• Heads of households are eligible if their income is up to $54,750 in 2023 (previously $51,000 in 2022).
  • Married individuals filing separately and singles can claim the credit if their income is up to $36,500 in 2023 (previously $34,000 in 2022).

Like other tax credits, the Saver’s Credit can either increase a taxpayer’s refund or reduce the tax owed. While the maximum credit amount is $1,000 ($2,000 for married couples), it’s important to note that the actual credit can be lower, and in some cases, it may even be zero due to the impact of other deductions and credits.

The credit amount is determined based on filing status, adjusted gross income, tax liability, and contributions to qualifying retirement programs or ABLE accounts. To claim the Saver’s Credit, taxpayers need to use Form 8880, which provides instructions for correctly calculating the credit.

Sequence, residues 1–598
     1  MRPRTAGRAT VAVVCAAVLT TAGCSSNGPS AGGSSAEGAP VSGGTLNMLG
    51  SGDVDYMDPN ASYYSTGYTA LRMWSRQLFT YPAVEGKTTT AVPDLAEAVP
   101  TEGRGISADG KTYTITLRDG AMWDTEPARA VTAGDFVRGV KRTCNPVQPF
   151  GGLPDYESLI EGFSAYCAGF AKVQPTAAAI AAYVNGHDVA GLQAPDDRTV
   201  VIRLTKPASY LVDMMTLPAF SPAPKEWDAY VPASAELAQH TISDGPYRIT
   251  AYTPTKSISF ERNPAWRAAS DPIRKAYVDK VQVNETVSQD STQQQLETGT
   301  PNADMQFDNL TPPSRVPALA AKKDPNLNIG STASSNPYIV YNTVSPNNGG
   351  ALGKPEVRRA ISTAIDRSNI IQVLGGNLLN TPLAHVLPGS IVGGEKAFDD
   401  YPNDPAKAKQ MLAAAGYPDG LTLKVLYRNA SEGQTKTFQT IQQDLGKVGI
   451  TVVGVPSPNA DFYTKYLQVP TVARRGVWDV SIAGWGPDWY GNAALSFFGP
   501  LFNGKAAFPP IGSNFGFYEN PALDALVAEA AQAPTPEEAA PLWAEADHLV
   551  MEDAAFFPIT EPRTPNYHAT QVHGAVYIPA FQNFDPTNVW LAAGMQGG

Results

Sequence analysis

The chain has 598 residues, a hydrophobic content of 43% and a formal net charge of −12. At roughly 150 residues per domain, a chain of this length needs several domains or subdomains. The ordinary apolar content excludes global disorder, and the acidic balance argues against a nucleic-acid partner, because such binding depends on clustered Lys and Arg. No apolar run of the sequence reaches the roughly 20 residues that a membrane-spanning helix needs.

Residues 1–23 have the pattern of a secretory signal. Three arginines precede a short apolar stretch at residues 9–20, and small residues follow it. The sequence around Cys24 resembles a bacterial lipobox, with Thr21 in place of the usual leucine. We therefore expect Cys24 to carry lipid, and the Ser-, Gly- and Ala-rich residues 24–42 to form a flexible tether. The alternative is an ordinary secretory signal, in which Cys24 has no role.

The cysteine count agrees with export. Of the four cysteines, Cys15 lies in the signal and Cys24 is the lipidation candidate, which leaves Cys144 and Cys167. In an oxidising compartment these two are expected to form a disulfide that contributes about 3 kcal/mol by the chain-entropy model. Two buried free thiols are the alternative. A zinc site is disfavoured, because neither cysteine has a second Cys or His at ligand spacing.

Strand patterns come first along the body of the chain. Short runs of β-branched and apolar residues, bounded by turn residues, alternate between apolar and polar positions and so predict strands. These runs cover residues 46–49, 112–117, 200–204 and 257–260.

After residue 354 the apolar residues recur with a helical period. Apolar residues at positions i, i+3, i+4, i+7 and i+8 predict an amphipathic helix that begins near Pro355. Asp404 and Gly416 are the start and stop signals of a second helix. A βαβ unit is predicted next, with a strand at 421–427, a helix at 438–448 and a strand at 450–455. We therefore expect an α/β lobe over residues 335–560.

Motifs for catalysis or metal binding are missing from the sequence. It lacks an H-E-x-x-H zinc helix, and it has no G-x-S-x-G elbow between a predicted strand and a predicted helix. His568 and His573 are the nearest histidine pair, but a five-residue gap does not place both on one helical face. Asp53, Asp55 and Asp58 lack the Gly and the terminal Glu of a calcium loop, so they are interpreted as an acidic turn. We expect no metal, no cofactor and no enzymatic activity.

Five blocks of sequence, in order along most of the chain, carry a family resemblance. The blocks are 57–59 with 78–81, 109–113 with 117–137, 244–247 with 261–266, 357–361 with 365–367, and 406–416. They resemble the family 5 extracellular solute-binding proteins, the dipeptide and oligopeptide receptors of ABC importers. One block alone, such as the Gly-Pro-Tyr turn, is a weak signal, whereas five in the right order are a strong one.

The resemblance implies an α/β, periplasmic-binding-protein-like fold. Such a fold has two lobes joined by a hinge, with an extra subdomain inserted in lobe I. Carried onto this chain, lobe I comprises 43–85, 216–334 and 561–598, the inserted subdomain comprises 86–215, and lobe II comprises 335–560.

The Saver’s Credit complements other tax benefits available to individuals who save for retirement. For instance, contributions to traditional IRAs are often deductible, while qualifying withdrawals from Roth IRAs are tax-free. Contributions to workplace retirement plans like 401(k) are typically tax-deferred until withdrawal.

It’s important to be aware of certain restrictions that apply to the Saver’s Credit, including the following:

  • Eligible taxpayers must be at least 18 years old.
  • Individuals claimed as dependents on someone else’s return cannot claim the credit.
  • Full-time students during any part of five calendar months in a year are not eligible.
  • Distributions from retirement plans or ABLE accounts reduce the contribution amount used to calculate the credit. This rule applies to distributions received after 2019 and before the due date, including extensions of the tax return for 2022.